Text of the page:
back, my wife and I drove from Dublin to the beautiful Connemara
peninsula in western Ireland to interview the director of the
Letterfrack School of Furniture Design. While we were visiting, we got
in the habit of stopping at village pubs for lunch, dinner, an evening's
entertainment, or whenever I needed to lay low after terrorizing the
natives by driving the wrong way around the round-abouts.
I remember one pub in particular,
just outside of Galway. It had three hearths, all with peat fires
smoldering. Everyone came with their dogs, who dozed and scratched under
the tables. Chickens stood watch at the front door, hoping the barkeeper
would relax the rules and let them in so they could annoy the dogs.
There was lots of music, some of it very good, some of it very
enthusiastic. Lots of talk. And lots and lots of laughter.
When I planned this
woodworking forum, I thought back to that pub. This is what it
should be like to visit; you should feel "at home."
Our Purpose Here
Of course, I have something of a grander purpose
in mind. It's unfortunate, but with the steady demise of shop programs
in public schools and a cultural bias that people who use tools
are not nearly as smart or important as those who use computers, it's
become very difficult for aspiring craftsmen to learn their craft.
Woodworking is a highly-developed art form with over 5000 years of
history and its practitioners have amassed a huge wealth of information.
If this craft is to survive another century without losing a good
portion of that treasure, it will be thanks to the Internet and forums
such as this.
This is why I have focused
this web site and the topics of most of our
Sawdust Sessions on the core
knowledge necessary to be a proficient woodworker. You can
find this fundamental wisdom elsewhere on the web, but I'm aware of no
other site that has organized it and has made it as easy to access as
the Workshop Companion.
That said, this is a
learning forum. Or a teaching forum, if you have
something to share. They are really the same thing; any good teacher
will tell you that teaching is first and foremost an intense learning
experience. If you want to get a start in woodworking, or you want to
learn more about a specific area of woodworking, this is the place to
come for information. I'll handle the inquiries if no one else steps
forward, but you'll soon find that forums like these attract patient,
generous, and experienced craftsmen who take joy and satisfaction in
sharing what they've learned.
A Few Rules
So what we have here is a friendly community of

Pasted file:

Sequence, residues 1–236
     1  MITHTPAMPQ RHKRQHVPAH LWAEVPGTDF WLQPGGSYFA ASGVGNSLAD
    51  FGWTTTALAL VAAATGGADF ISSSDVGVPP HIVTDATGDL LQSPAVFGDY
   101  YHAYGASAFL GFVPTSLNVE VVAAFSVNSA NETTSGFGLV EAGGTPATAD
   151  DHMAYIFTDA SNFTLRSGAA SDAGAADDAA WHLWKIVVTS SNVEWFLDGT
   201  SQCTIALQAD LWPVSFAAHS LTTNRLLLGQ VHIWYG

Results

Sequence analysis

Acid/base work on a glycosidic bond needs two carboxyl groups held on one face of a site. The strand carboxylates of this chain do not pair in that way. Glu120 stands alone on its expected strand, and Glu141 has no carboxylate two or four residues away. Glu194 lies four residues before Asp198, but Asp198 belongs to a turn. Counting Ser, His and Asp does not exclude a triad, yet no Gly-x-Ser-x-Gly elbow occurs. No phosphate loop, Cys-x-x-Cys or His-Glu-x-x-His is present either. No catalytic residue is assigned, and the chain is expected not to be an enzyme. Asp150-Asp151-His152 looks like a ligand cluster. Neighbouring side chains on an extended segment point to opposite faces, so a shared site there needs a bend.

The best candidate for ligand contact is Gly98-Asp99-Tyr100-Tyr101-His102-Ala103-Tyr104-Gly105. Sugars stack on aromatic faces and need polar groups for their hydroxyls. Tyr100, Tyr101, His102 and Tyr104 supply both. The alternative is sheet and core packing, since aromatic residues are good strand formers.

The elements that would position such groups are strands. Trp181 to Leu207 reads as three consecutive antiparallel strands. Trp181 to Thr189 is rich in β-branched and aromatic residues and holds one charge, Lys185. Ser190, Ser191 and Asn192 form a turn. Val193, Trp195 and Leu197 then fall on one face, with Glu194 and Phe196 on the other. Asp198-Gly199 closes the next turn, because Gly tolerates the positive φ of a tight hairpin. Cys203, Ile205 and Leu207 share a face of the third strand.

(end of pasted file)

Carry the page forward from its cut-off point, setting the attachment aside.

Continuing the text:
craftsmen that comes together to share experience and wisdom. My role in
this forum is something between a barkeeper and a school principal. As
such, I have set down a few common-sense rules:
Treat your fellow
participants with good manners and good humor.
Anyone found without manners, humor, or taking themselves too
seriously will be required to click
No flaming, no
trashing, no contempt of any sort. Please respect the
infinite variety of containers that woodworkers come in, the odd
assortment of tools and ideas that they collect, and – above all
– their feelings.
No swearing or taking
any deity's name in vain. The English language is wonderfully
colorful without having to resort to clichés.
Keep your mind open;
there is no such thing as a "best tool" or the "right
technique." When tempted to issue edicts and generalizations,
please remember the words of Will Rogers, "It ain't what we
don't know that's going to hurt us; it's what we know for sure
that just ain't so."
no advertising, no marketing, no notices for sale or trade. The
purpose of this forum is to learn how to use tools, not sell
from this forum does you a favor, pay it back or pay it
And that's it. Sign up or sign in, pick a
category, and join a discussion. Consult the map below to see how far
your fellow craftsmen have traveled. Don't mind the dogs and try to keep the
chickens out. Just make yourself at home.
– All things workshop; workbenches, vises, shop furniture, storage
systems, hardware bins, lumber racks, dust collection, shop
lighting, ventilation, general shop safety, workshop design and
– How to get woodworking done; selecting lumber, jointing, planing,
sawing, routing, joinery, shaping, molding, bending, veneering,
lamination, scrolling, carving, sanding, scraping, smoothing,
gluing, clamping, assembly, staining, finishing, and any other
method you can think of.
– New tools, old tools, power tools, hand tools, traditional tools,
weird tools, homemade tools – how well tools work, how to make them
work better, how to make them do more, where to purchase tools, what
to look for when you buy, adding accessories, making jigs and
Wood & Materials
– The stuff we work with; hardwoods, softwoods, sawyering, drying,
salvaging, preserving, recycling, fasteners, hardware, clockworks,
pen parts, luthiers’ supplies, plywood, sheet materials, ready-made
parts and trim, veneer, laminates, abrasives, glue, and finishes.
Maintenance & Repair
– Keeping tools in good working order; alignment, adjustment,
maintenance, sharpening, repair, restoration, replacing parts,
modifications, upgrades, preventing and removing rust and corrosion.
– Designs for craftsmen and the results of craftsmanship; sketches,
project plans, completed projects, furniture, built-ins, cabinetry,
boxes, turnings, scrollwork, inlay, intarsia, carvings, finish
carpentry, boats, airplanes, musical instruments, toys, outdoor
structures, and anything else made from wood with precisian and
– News, observations, editorials, speculation, bragging, whoppers,
good humor, good-natured complaints, good-natured rebuttals, good
books, good videos, good web sites, testimonials, congratulations,
birthday wishes, get well wishes, just plain good wishes, farewells,
Images of Ireland courtesy of Flickr.